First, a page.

Paratextual Communities: American Avant-Garde Poetry since 1950

Synopsis

Susan Vanderborg examines the role of paratexts -- notes, prefaces, marginalia, and source documents -- in shaping the reading communities for American experimental poetry published since 1950.

Since 1950, Vanderborg notes, American avant-garde poetry has been dominated by two seemingly contradictory impulses: a disruption of language as transparent communication and a need to contextualize the poets' word games for readers. For many authors, the solution has been the creation of a split text -- a difficult, elliptical, disjunctive poetry accompanied by more accessible paratexts: creatively arranged essays, notes, source histories, and other references that serve as necessary complements to the poetry rather than as secondary commentary. Paratexts, which tend to be more colloquial and readable than the poetry, provide a forum in which to discuss issues of audience and community.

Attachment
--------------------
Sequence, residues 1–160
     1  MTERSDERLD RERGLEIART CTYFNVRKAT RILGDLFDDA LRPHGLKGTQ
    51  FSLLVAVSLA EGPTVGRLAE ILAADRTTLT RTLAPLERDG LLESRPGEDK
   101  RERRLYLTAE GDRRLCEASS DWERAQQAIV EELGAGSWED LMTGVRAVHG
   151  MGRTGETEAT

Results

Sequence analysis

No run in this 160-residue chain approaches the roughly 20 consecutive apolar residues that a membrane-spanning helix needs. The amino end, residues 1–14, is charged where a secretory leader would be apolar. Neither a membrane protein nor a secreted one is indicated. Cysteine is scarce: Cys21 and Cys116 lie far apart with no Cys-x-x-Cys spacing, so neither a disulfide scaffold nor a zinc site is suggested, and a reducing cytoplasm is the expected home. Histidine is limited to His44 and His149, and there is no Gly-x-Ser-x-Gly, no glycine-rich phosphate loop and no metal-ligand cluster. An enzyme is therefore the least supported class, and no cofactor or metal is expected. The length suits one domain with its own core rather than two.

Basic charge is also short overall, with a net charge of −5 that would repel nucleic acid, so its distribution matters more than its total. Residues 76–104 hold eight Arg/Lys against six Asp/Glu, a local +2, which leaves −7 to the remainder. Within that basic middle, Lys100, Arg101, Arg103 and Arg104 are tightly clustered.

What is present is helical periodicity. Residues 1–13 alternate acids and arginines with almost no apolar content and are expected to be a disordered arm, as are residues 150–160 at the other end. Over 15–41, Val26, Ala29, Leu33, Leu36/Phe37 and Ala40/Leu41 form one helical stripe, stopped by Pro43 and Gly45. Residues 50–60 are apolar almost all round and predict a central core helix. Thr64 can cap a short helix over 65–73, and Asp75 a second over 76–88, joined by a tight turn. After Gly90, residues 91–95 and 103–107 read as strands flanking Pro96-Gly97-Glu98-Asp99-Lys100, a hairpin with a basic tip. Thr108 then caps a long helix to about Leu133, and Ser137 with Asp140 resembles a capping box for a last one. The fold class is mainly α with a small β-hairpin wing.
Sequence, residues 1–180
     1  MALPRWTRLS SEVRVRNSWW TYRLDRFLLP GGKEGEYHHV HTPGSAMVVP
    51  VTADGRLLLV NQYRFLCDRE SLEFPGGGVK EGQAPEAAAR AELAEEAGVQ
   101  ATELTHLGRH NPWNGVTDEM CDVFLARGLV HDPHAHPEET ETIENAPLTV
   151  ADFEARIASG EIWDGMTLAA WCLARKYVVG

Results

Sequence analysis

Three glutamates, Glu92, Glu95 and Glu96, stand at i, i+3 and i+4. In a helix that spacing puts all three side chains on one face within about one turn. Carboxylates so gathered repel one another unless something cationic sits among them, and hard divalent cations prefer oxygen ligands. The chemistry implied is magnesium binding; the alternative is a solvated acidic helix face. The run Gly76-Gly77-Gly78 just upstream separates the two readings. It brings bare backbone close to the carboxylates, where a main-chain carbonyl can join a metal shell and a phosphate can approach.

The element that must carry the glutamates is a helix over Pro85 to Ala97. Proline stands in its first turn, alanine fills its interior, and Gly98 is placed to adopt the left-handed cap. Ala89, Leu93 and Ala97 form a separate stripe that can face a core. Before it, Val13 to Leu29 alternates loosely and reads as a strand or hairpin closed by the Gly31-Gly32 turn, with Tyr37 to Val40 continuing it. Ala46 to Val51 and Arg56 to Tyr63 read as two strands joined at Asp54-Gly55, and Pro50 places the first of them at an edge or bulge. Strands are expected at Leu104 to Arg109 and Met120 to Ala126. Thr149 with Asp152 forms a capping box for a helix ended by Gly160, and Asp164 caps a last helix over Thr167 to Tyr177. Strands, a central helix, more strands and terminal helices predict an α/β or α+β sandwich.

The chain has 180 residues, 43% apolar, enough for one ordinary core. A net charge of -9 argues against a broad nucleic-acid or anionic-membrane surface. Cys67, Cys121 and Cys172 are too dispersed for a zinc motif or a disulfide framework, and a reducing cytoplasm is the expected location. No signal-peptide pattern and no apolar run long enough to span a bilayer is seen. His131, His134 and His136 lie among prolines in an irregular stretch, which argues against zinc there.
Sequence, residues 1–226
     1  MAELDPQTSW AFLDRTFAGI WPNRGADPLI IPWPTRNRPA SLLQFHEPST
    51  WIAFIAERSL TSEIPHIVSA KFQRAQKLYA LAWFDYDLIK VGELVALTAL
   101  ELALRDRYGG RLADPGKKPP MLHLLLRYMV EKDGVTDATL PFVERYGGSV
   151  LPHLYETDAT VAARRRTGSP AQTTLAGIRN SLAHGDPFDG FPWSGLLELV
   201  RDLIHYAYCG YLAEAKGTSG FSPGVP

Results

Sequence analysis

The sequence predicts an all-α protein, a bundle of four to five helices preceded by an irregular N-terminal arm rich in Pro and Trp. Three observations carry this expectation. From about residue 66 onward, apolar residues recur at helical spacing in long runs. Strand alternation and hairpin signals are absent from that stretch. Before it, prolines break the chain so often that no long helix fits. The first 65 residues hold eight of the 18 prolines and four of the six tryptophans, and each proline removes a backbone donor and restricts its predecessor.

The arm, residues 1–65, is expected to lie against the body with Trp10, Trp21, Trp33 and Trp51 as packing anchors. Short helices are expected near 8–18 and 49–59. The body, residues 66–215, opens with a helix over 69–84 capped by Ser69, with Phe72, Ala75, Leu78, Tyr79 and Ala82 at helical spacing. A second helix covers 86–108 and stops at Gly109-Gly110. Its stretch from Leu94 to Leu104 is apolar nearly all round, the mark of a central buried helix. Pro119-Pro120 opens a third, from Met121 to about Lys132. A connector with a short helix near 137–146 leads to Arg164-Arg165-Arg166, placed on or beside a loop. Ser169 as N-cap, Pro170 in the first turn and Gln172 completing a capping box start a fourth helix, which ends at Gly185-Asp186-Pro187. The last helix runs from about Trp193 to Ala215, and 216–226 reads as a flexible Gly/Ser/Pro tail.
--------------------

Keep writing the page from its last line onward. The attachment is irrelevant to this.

Vanderborg examines both the innovations and the limitations of paratexts in redefining the poet's community, usingthe writing of six poets who represent different stages in the evolution of this form: Charles Olson, Jack Spicer, Susan Howe, Charles Bernstein, Lorenzo Thomas, and Johanna Drucker.